Vote counting starts in Indonesia's regional polls under tight security

Baduy women wait to cast their vote during regional elections at a polling station of Kanekes village in Rangkasbitung, Banten province, Indonesia, June 27, 2018. REUTERS/Beawiharta
A Baduy woman receives a ballot paper to cast her vote during regional elections at Kanekes village in Rangkasbitung, Banten province, Indonesia, June 27, 2018. REUTERS/Beawiharta
People vote at a World Cup themed polling station during local elections in Tangerang, Banten, Indonesia June 27, 2018 in this photo taken by Antara Foto. Antara Foto/ Rivan Early Linga/ via REUTERS
A Baduy woman casting her vote during regional elections at a polling station of Kanekes village in Rangkasbitung, Banten province, Indonesia, June 27, 2018. REUTERS/Beawiharta
An Indonesian woman shows her ink-stained finger after casting her vote during regional elections in Tangerang, west of Jakarta, Indonesia June 27, 2018. REUTERS/Willy Kurniawan
A man examines a notic board with voting information at a polling station before casting his ballot during regional elections in Tangerang, west of Jakarta, Indonesia June 27, 2018. REUTERS/Willy Kurniawan
Baduy people queue to cast their vote as others carry tree trunks in front of a polling station during regional elections at Kanekes village in Rangkasbitung, Banten province, Indonesia, June 27, 2018. REUTERS/Beawiharta
Baduy women talk behind ballot boxes while casting their vote during regional elections at Kanekes village in Rangkasbitung, Banten province, Indonesia, June 27, 2018. REUTERS/Beawiharta
A Baduy woman casts her vote during regional elections at a polling station of Kanekes village in Rangkasbitung, Banten province, Indonesia, June 27, 2018. REUTERS/Beawiharta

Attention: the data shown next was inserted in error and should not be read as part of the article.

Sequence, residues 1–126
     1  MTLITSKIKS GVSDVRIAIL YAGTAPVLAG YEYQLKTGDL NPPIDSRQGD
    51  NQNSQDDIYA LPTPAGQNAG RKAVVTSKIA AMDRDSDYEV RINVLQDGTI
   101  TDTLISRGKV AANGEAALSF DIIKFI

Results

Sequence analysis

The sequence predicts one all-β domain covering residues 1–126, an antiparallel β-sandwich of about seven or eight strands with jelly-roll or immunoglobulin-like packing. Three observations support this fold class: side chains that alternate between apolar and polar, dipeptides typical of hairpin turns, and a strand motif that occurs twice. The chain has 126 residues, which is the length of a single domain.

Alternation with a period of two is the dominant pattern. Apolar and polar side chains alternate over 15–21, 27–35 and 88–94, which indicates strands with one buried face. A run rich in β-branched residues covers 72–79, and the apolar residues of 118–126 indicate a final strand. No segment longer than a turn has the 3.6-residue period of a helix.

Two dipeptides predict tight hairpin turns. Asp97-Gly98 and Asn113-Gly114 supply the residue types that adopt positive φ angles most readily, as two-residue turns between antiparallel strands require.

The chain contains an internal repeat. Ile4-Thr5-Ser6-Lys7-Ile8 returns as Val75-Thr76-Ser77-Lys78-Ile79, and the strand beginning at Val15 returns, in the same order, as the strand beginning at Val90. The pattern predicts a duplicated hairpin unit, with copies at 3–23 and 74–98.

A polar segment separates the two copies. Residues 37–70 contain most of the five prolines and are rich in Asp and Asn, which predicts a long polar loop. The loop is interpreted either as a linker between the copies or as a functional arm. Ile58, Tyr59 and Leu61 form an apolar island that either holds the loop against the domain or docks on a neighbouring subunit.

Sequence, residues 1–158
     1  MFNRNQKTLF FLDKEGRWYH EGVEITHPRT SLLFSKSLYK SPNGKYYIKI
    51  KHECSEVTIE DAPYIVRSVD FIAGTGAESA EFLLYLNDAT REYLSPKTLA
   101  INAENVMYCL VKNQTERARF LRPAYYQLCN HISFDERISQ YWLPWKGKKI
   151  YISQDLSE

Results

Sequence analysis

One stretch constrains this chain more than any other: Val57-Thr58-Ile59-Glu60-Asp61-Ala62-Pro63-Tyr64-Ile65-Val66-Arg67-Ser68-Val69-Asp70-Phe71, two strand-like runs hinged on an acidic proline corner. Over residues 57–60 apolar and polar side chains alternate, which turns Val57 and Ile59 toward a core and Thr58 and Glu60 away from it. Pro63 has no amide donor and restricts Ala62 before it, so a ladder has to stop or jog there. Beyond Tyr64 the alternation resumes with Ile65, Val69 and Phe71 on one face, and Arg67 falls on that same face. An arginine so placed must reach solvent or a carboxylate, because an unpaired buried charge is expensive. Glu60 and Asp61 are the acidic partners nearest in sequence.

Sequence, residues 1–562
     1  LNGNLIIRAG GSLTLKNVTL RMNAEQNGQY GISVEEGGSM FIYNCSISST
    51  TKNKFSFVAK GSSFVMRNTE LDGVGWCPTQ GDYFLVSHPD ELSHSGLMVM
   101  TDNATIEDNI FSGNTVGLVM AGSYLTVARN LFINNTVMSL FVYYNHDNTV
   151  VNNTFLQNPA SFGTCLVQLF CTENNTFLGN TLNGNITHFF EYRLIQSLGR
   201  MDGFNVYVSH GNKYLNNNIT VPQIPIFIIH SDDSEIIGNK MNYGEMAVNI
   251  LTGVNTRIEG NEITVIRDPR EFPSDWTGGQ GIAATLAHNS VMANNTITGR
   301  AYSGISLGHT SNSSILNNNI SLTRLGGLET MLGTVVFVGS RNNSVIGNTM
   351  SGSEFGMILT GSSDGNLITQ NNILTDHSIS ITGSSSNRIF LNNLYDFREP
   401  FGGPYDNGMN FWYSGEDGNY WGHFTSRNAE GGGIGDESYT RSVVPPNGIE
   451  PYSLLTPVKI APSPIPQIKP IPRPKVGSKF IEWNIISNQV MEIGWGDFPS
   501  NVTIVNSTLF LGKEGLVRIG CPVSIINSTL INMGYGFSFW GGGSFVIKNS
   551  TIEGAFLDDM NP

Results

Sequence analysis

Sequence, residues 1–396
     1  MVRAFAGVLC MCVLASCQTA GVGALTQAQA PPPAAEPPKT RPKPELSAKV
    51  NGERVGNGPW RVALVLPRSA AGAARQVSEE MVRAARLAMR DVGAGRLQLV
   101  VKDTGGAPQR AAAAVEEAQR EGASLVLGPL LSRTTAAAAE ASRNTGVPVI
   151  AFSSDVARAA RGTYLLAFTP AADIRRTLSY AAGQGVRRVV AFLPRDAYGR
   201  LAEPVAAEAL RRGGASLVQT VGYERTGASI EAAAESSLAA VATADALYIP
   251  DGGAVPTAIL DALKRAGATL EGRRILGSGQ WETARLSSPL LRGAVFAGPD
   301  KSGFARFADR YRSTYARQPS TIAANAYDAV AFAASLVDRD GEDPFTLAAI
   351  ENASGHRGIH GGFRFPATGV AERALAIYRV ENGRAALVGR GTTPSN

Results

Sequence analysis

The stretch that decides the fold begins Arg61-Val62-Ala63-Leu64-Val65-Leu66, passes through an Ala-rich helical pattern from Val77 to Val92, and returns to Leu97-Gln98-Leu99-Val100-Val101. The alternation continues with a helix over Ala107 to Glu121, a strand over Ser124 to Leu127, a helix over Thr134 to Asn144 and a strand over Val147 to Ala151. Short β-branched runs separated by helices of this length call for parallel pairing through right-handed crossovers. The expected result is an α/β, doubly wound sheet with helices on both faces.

Election officials dress as ghosts at a polling station for local elections in Randusari village, Semarang, Central Java, Indonesia June 27, 2018 in this photo taken by Antara Foto. Antara Foto/R. Rekotomo/ via REUTERS
An election official helps an elderly woman to mark her finger with ink after casting her vote during regional elections in Tangerang, west of Jakarta, Indonesia June 27, 2018. REUTERS/Willy Kurniawan
An election official records votes for mayoral candidates running unopposed in regional elections in Tangerang, west of Jakarta, Indonesia, June 27, 2018. REUTERS/Willy Kurniawan
Balinese vote in local elections at a polling station decorated in a World Cup theme in Badung Regency, on the Bali, Indonesia June 27, 2018. REUTERS/Johannes P. Christo
Baduy women carry tree trunks as they walk in front of polling station for regional elections at Kanekes village in Rangkasbitung, Banten province, Indonesia, June 27, 2018. REUTERS/Beawiharta
An Indonesian woman shows her ink-stained finger after casting her vote during regional elections in Tangerang, west of Jakarta, Indonesia, June 27, 2018. REUTERS/Willy Kurniawan
Election officials prepare for the start of voting for local elections at a polling station with a World Cup theme in Badung, Bali, Indonesia June 27, 2018 in this photo taken by Antara Foto. Antara Foto/Nyoman Budhiana/ via REUTERS
Election officals wearing traditional Balinese costume prepare ballots for counting after polls closed at a polling station during local elections in Badung Regency, Bali, Indonesia June 27, 2018. REUTERS/Johannes P. Christo